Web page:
By Adam Hetrick
03 May 2011
|Photo by Krissie Fullerton|
While Broadway audiences have embraced the juke-box musical form – think Mamma Mia!, Jersey Boys, Rock of Ages, Million Dollar Quartet and Priscilla, Queen of the Desert – which brings back the songs of yesteryear on a nightly basis, many theatre lovers have longed for a new Broadway melody.
The 2011 Tony Award nominations in the Best Musical category may signal that the original musical still takes the last bow. Not since 1997 has the category included four musicals with completely original scores, and theatre purists should be satisfied to see two veteran songwriters on both lists.
In 1997 the Tony nominees for Best Musical included the Cy Coleman-Ira Gasman musical The Life, about the seedy underside of New York City in the 1980's; Julie Taymor's puppet musical Juan Darien, with a score by Elliott Goldenthal; John Kander and Fred Ebb's Depression-era dance musical Steel Pier; and the sweeping Maury Yeston musical epic Titanic, which took home the top honor that year.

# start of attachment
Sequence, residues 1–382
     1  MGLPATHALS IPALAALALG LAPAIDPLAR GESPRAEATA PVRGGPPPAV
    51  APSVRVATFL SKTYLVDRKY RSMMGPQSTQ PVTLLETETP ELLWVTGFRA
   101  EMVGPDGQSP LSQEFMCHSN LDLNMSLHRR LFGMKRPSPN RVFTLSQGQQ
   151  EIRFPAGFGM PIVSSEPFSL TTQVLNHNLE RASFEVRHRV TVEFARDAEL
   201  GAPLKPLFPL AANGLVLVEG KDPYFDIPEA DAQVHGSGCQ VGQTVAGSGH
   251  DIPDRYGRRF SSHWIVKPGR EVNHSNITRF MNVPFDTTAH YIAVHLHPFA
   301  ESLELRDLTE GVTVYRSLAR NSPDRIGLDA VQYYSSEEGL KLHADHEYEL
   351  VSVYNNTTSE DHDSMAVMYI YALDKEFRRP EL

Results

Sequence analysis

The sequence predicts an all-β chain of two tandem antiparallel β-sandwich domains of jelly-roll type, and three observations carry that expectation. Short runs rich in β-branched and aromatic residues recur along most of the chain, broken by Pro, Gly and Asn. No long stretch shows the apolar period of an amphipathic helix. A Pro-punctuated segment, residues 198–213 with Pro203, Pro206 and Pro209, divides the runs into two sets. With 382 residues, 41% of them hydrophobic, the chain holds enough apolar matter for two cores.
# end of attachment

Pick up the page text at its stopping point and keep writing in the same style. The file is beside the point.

With the exception of Catch Me If You Can, it should also be noted that each of the 2011 Best Musical nominees also went on to receive nominations for Best Original Score. The committee gave the fourth slot to David Yazbek's Women on the Verge of a Nervous Breakdown.
(Our list excludes the 2001 Ed Kleban musical A Class Act, which incorporated material from the songwriter's trunk; and 2005's Monty Python's Spamalot, which included several pre-existing songs from the Monty Python films.)